This article has Open Peer Review reports available.
A candidate probiotic with unfavourable effects in subjects with irritable bowel syndrome: a randomised controlled trial
© Ligaarden et al; licensee BioMed Central Ltd. 2010
Received: 20 April 2009
Accepted: 10 February 2010
Published: 10 February 2010
Some probiotics have shown efficacy for patients with irritable bowel syndrome (IBS). Lactobacillus (L.) plantarum MF1298 was found to have the best in vitro probiotic properties of 22 strains of lactobacilli. The aim of this study was to investigate the symptomatic effect of L. plantarum MF1298 in subjects with IBS. Primary outcome was treatment preference and secondary outcomes were number of weeks with satisfactory relief of symptoms and IBS sum score.
The design was a randomised double blind placebo-controlled crossover trial. 16 subjects with IBS underwent two three-week periods of daily intake of one capsule of 1010 CFU L. plantarum MF 1298 or placebo separated by a four-week washout period.
Thirteen participants (81%; 95% CI 57% to 93%; P = 0.012) preferred placebo to L. plantarum MF1298 treatment. The mean (SD) number of weeks with satisfactory relief of symptoms in the periods with L. plantarum MF1298 and placebo were 0.50 (0.89) and 1.44 (1.26), respectively (P = 0.006). IBS sum score was 6.44 (1.81) in the period with L. plantarum MF1298 treatment compared with 5.35 (1.77) in the period with placebo (P = 0.010). With a clinically significant difference in the IBS sum score of 2 in disfavour of active treatment, the number needed to harm was 3.7, 95% CI 2.3 to 10.9.
This trial shows for the first time an unfavourable effect on symptoms in subjects with IBS after intake of a potential probiotic.
The trial registration number
Clinical trials NCT00355810.
Irritable bowel syndrome (IBS) is the most frequent functional gastrointestinal disorder, with a prevalence of 5-11% in most countries . The workload generated by IBS is considerable and constitutes approximately one-third of all visits to gastroenterologists . It is a biopsychosocial disorder that requires a multifactorial approach . No proper treatment is available.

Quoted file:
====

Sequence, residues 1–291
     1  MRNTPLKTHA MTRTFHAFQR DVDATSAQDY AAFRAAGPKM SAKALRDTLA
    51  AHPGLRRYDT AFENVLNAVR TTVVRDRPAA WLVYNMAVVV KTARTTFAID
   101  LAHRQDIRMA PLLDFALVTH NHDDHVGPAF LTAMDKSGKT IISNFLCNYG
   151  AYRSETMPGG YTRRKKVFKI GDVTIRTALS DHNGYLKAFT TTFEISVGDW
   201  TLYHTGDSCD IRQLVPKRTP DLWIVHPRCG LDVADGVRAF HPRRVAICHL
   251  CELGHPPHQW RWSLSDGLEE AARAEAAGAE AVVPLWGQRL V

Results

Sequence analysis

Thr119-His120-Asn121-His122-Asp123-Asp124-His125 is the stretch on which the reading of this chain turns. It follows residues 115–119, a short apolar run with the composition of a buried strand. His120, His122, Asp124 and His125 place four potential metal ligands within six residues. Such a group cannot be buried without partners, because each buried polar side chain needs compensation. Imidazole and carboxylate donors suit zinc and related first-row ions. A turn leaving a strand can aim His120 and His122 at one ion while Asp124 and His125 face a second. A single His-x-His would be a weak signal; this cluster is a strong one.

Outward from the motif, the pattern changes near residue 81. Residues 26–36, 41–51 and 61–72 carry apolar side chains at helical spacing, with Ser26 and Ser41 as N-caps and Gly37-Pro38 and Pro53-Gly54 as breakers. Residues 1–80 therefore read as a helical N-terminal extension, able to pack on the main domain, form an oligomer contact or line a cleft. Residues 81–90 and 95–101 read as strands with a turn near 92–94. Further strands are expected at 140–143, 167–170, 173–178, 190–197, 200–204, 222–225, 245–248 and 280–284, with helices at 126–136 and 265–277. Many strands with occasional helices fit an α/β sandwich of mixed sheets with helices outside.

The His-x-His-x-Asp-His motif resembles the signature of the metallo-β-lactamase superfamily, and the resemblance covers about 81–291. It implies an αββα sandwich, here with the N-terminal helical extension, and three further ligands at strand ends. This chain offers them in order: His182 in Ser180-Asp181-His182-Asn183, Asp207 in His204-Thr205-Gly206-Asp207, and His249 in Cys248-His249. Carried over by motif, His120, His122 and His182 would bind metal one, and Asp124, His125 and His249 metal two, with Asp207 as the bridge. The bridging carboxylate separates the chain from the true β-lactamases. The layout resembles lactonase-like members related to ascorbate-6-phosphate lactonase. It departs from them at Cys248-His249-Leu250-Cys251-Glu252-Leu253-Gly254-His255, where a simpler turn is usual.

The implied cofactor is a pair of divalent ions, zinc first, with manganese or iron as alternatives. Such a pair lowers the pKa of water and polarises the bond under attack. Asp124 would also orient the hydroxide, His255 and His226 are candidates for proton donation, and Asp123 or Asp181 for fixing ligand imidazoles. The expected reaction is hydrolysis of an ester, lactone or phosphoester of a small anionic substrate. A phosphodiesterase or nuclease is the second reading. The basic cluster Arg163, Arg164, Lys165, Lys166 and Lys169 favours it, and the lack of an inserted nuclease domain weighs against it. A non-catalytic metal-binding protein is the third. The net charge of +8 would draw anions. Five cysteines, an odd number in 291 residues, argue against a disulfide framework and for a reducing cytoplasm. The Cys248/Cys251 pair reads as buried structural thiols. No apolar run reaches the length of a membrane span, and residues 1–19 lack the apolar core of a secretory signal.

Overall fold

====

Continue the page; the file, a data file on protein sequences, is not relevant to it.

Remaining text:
The human gut contains over 1000 different bacterial species and an indeterminate number of strains of which a minority of the strains is cultivable  Probiotics are defined as "live microorganisms which when administered in adequate amounts confer a health benefit on the host" . Some studies have shown beneficial effect of probiotics in IBS . Lactobacillus (L.) plantarum 299v reduced flatulence and abdominal pain in patients with IBS . L. plantarum MF1298 was found to have the best in vitro probiotic properties of 22 strains of lactobacilli isolated from fermented food products. This strain was confirmed to adhere to the human colon adenoma cell line CaCo2, to strengthen transepithelial resistance of a CaCo2 cell layer and to increase production of certain tight junction proteins, to have antimicrobial activity against potential pathogens, and to survive passage through the human gastrointestinal tract [8–10]. L. plantarum MF1298 was therefore proposed as a potential candidate probiotic strain.
The aims of this randomised placebo-controlled crossover trial were to study the effect of L. plantarum MF1298 on treatment preference, satisfactory relief of symptoms and symptoms in subjects with IBS.
Participants were recruited from a hospital-based gastroenterology outpatient clinic and a private gastroenterological practice. Subjects 18 to 75 years of age with IBS according to the Roma II criteria and symptoms the last three months were eligible for inclusion. All subjects had had a sigmoidoscopy or colonoscopy performed within the last five years to exclude organic disease. Other tests to confirm the diagnosis were performed at the physicians' discretion. Pregnant and breast-feeding women and subjects with major psychiatric, mental or behavioural disorders, coexisting gastrointestinal and other disorders that might influence the symptoms, or poor knowledge of language were excluded, as were those who had used probiotics more than once a week in the previous three weeks or antibiotics or laxatives in the previous five weeks. The study was made in accordance with the Helsinki Declaration and all participants gave written informed consent to participation before enrolment. The Regional medical research ethics committee, Central Norway approved the study protocol.
The study was a randomised double blind, placebo-controlled, crossover trial with a one-week run-in period followed by randomisation and two three-week treatment periods separated by a four-week washout period. Participants with satisfactory relief of symptoms in the run-in period were excluded from further participation. IBS symptoms were recorded on diary cards every evening during the run-in period, during the last week of the washout period, and the last week of the two treatment periods. Satisfactory relief of symptoms was recorded on diary cards at the end of the run-in and washout periods and at the end of each week during the treatment periods. At the end of the study, the participants recorded treatment preference for one of the treatment periods. Faecal samples were collected at the end of the run-in, washout period, and the two treatment periods. All data were collected at the hospital based gastroenterology outpatient clinic at Innlandet Hospital Trust, Gjøvik.